Musings over a letter from Terry Gilliam
Pretty cool, huh? Can you imagine the surprise? My heart popped. Why was this happening? He is a famous film maker. I’m nobody. I was planning to write a post about his new short film, The Wholly Family, but how did he know?
After enjoying this sweet idea for about a nanosecond I realized that I wasn’t the only receiver of this mail. It had probably been sent out in thousands, if not millions of copies. It was just a marketing device.
If I understood Terry correctly (the letter was signed “Terry” and he’s addressing me “Dear Jessica”, so I suppose that means that we’re friends and it’s okay for me to call him by his first name), he had a suggestion for me. He wanted me to help him to promote his film, which is available as view-on demand by sharing it on Facebook. That would render me 10 percent of whatever profit he made on it, an offer I’m afraid I’ll have to decline; I don’t even have a Facebook page, so this letter was a bit of a waste.
But apart from that I suppose he’s doing the right thing. It’s probably a good idea for a filmmaker of today to engage in viral marketing if you want to stay in business and would prefer to try out your own ideas to work on the fourth sequel in a superhero franchise on decline.
The world is changing. We need to adapt. Terry realizes this. He’s a modern man; he’s flexible; he grabs the opportunities that arise.
And yet – I can’t completely rid myself of the thought that something is wrong. I can’t shake off the sadness in it.
The icky feeling
Terry Gilliam should be making the next Brazil or 12 Monkeys. He shouldn’t be doing this. It’s like watching the leading violinist of the best symphony orchestra in the world (knowing little of the classical music scene I can’t give you a name but you surely can thing of someone) turning into a street musician, playing for nickels and dimes.
I’m one of those who tossed him a few coins. That’s why I got the letter. I paid a couple of bucks to watch the film online through an offer at the website of The Guardian.
I’m not the only sponsor of Terry’s. He’s got a bigger one as well, in the form of a pasta producer in Italy which gave him free hands with two minor exceptions as long as they could slap their logo on the film, like any production company.
I suppose that’s a fair deal and while there actually is some pasta appearing in the film, I’d have to struggle hard to say that it’s a sell-out. I’ve seen far worse product placement in ordinary movies.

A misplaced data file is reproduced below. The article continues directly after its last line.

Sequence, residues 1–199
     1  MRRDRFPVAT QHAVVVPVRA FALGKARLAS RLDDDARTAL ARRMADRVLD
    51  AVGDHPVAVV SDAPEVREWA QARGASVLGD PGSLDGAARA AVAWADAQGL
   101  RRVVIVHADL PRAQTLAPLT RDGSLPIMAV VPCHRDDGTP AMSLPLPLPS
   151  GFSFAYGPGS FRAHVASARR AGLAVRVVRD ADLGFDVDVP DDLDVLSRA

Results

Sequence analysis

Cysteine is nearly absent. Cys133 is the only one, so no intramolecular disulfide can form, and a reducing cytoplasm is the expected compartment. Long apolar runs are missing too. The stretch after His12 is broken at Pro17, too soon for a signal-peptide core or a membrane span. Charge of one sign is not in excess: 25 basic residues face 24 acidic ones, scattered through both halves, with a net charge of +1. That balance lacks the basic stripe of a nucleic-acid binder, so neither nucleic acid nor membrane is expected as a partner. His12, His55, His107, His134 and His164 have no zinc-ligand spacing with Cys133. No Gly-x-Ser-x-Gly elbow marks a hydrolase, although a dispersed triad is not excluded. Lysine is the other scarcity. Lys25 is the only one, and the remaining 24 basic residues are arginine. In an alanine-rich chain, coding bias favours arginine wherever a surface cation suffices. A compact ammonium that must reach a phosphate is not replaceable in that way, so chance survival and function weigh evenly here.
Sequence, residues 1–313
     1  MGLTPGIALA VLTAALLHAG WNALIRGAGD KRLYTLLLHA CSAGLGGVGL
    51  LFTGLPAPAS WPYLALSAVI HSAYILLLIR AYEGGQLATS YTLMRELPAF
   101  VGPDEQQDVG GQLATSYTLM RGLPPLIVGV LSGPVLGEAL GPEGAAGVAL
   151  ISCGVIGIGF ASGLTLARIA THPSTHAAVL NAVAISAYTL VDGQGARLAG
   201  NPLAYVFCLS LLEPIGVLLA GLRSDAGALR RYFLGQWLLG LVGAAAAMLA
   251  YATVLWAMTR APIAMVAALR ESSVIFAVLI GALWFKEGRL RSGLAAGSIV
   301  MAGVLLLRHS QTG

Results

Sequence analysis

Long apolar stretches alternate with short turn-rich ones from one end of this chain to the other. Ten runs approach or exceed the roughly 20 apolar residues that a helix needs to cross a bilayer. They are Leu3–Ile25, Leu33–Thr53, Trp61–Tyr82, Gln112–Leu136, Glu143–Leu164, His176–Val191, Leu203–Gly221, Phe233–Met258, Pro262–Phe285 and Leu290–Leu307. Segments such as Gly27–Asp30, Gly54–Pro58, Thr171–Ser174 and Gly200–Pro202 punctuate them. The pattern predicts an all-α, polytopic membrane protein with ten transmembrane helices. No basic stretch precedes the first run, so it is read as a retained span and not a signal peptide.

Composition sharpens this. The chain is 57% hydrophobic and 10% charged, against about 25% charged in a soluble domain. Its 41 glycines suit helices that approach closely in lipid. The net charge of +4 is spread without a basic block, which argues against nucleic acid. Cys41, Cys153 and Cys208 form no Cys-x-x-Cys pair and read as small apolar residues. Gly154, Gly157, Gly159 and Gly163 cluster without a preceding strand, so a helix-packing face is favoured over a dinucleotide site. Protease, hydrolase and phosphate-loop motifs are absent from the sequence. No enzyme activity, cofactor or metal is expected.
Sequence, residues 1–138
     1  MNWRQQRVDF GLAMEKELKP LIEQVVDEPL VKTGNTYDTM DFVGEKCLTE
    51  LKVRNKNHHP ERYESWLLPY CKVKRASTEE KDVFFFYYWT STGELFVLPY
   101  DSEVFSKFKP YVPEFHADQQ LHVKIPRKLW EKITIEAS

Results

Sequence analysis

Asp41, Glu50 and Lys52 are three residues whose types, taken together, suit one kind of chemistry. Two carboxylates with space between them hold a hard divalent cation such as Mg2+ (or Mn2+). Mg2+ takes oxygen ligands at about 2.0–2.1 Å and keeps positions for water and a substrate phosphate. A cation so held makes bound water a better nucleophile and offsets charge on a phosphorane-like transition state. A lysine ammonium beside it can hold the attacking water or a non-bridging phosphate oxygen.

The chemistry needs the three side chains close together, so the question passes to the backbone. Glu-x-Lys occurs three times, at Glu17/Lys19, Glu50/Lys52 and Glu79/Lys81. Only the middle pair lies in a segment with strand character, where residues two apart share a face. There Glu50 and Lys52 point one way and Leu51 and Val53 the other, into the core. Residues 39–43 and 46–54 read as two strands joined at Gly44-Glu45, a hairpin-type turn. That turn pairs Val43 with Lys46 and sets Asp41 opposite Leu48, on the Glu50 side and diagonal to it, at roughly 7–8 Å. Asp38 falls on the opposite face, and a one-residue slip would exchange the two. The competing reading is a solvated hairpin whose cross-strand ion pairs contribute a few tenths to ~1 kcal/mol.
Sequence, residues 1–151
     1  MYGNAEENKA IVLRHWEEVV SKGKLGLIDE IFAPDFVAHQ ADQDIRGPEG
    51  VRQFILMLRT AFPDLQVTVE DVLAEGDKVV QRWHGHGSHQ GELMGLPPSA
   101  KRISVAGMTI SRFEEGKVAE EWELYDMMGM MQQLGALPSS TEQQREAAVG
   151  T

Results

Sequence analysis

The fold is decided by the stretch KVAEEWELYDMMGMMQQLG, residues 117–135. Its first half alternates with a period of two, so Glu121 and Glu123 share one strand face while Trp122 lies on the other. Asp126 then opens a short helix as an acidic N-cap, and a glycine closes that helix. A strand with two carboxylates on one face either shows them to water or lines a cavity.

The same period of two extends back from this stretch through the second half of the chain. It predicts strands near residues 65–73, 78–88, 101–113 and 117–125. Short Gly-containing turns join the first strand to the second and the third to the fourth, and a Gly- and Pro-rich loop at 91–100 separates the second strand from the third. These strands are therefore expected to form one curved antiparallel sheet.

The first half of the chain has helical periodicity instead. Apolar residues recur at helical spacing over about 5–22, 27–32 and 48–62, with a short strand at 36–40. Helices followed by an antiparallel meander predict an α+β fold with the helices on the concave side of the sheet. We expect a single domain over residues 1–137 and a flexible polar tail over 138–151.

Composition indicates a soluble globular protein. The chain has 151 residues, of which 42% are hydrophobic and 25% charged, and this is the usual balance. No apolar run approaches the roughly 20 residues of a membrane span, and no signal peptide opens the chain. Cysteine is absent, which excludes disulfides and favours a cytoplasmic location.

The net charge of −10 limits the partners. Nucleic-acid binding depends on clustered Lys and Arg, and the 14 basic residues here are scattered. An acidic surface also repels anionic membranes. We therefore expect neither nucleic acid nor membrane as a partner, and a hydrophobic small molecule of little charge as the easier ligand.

While Terry is doing the best he can to be cheerful and positive about it, it’s apparent that it’s not what he’d like to do if given the choice. The whole thing feels a bit icky.
The Guardian ran a live blogging event in connection to a Q & A session with Terry. Here’s a sample:
“7.07pm: Peter wonders if this is a route back into conventional film-making. Not really, says Terry, but it seems to be what people want. He doesn’t want to make films for the internet – movies are for the big screen, but that’s the way the world’s going.
7.07pm: Terry’s talking about the Italian premiere of his version of the Damnation of Faust. “Last year was my year of experimentation – short films and operas. I’m trying to work out a career for myself”.
7.09pm: The Wholly Family was a way to work in Naples. The only conditions from the pasta company was that it was set in the city (it is) and nobody dies (they don’t).
Terry says that short films like this are a realistic prospect for him because the middle group – those who don’t want to make blockbusters, but need a mid-range budget to realise their ambitions – are getting squeezed out of modern Hollywood.”
So Terry is making films for the internet when he’d rather make them for the big screen. And similarly I’d prefer to see his films on a big screen sitting in a comfortable armchair to looking at my computer screen, my ears covered with a headset, trying to convince myself that my desktop chair is just as nice (it isn’t). What a world we live in.
What feels even worse (and I’m reluctant to say it since I love some of his previous films so much and really want him to keep doing films): I wasn’t really a fan of this short.
One reason is that I’m not particularly fond of Italian circus music, masquerade traditions or dream sequences in movies (apart from in Inception) and The Wholly Family has all of this. But even so I might have overcome those aversions and liked it if it wasn’t for one major problem, which had nothing to do with Terry’s quality as a film maker: the film lagged. The staggering movements of the actors made them sometimes look as if they were doing a robot look-a-like peformance in a street. And what was worse: the sound didn’t sync properly with the picture. It was as if the voices and the images were different entities, kept in different layers and it made the whole thing quite unpalatable. I just couldn’t stop thinking about it.
Not being a technician I don’t know who’s to blame. I suppose it could be a problem with my computer or IP, but I wouldn’t think so. I’ve got a high-speed connection and normally I don’t have any trouble watching streaming media.
Terry doesn’t want me to sit in front of a computer watching a staggering film where people aren’t allowed to die because it might look bad for the sponsoring pasta company. He wants the real thing as much as I do. But sadly enough this is the best we can get at this point.
There’s a good reason why nostalgia is the theme of the year at the Oscars. People dream back to a time when a movie was a movie and not a marketing vehicle for pasta to be spread over Facebook.
The toast of this week goes to Terry. For the problems I had I wish this film will be a success. And I wish that you’ll get back to where you belong. In a proper theatre.